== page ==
The destruction occurred in 1229 when a priest in Jerusalem named Johannes Myronas needed paper to write a prayer book. Looking through piles of old books he found a Greek text and promptly erased the words on it. Years later the prayer book was sold at auction. Experts examining it realized that there was a text underneath the prayer book and were able to recover it, discovering that it was written by Archimedes.
“The Method” was an amazing find. In it Archimedes laid out the foundation of differential and integral calculus, 2,200 years before Newton and Leibniz developed the modern techniques. Archimedes’s mathematics on the subject were primitive, but had it survived, it would have allowed the discovery of calculus centuries earlier. No other copies of “The Method” have survived, leading historians to believe that the 1229 copy was one of the only copies in the world at the time. Had Myronas not destroyed the book, who knows how much more advanced mathematics would be today.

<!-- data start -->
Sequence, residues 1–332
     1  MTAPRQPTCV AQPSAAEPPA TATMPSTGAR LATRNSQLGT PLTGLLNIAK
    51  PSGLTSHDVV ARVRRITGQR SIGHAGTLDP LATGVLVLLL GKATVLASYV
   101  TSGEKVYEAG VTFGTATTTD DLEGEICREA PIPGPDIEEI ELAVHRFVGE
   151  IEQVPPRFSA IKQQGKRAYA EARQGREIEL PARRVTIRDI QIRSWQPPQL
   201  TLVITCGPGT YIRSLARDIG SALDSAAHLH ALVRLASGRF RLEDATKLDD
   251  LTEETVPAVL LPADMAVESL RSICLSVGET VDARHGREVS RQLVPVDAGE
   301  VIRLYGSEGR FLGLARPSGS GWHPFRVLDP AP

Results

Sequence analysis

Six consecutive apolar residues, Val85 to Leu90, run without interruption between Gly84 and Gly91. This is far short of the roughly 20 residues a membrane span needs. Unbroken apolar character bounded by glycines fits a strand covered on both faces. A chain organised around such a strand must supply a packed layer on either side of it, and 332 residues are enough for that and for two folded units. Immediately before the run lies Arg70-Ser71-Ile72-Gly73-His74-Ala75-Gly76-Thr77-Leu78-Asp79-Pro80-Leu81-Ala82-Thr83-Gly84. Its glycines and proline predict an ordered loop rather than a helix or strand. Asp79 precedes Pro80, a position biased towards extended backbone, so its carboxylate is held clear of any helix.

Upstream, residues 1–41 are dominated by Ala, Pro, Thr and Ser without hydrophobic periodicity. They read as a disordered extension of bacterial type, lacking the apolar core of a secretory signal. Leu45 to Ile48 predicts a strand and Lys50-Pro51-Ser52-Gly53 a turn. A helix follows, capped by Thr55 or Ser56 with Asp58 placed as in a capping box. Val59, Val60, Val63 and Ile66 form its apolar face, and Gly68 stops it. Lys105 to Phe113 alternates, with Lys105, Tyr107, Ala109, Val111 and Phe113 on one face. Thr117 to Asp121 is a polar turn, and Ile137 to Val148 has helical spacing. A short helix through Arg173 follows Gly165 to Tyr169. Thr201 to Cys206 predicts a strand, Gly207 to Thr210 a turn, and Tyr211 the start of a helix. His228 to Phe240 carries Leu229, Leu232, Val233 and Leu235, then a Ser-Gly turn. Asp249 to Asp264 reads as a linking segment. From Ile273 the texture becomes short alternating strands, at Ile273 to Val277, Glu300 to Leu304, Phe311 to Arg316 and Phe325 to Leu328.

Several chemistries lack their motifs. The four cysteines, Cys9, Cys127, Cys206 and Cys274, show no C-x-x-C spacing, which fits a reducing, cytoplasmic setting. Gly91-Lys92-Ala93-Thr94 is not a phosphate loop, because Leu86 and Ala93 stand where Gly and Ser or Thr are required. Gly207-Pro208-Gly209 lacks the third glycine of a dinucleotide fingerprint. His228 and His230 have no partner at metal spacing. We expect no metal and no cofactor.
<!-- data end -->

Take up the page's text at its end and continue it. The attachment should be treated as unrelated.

Chinese anti-sparrow campaign
Chinese dictator Mao Zedong was well-known for his purges and “improvement” programs. Often these programs were ill-thought out and had disastrous outcomes. But none were so bad as the Great Sparrow Campaign.
The campaign came about as a way to produce crops more effectively. Chairman Mao wanted to eliminate four pests from the country: rats, flies, mosquitoes and sparrows. Throughout the country Chinese sparrows would snack on farmer’s crops, leading to loss of production every year. Out of the four pests, the sparrows were the easiest to get rid of. Every citizen in China became a part of the campaign, organizing hunting parties to kill the birds. According to government experts, for every million sparrows killed there would be enough excess grain to feed 60,000 people.
For the first few years of the campaign it was extremely successful. Sparrow populations plummeted and the Chinese government was recording a surplus of grain. But then 1958 hit. Unbeknownst to Chairman Mao, the sparrows did not just eat grain, they also ate insects that destroyed crops at a higher rate then the sparrows did. Just a bit of research would have discovered this, but by 1958 the damage was already done.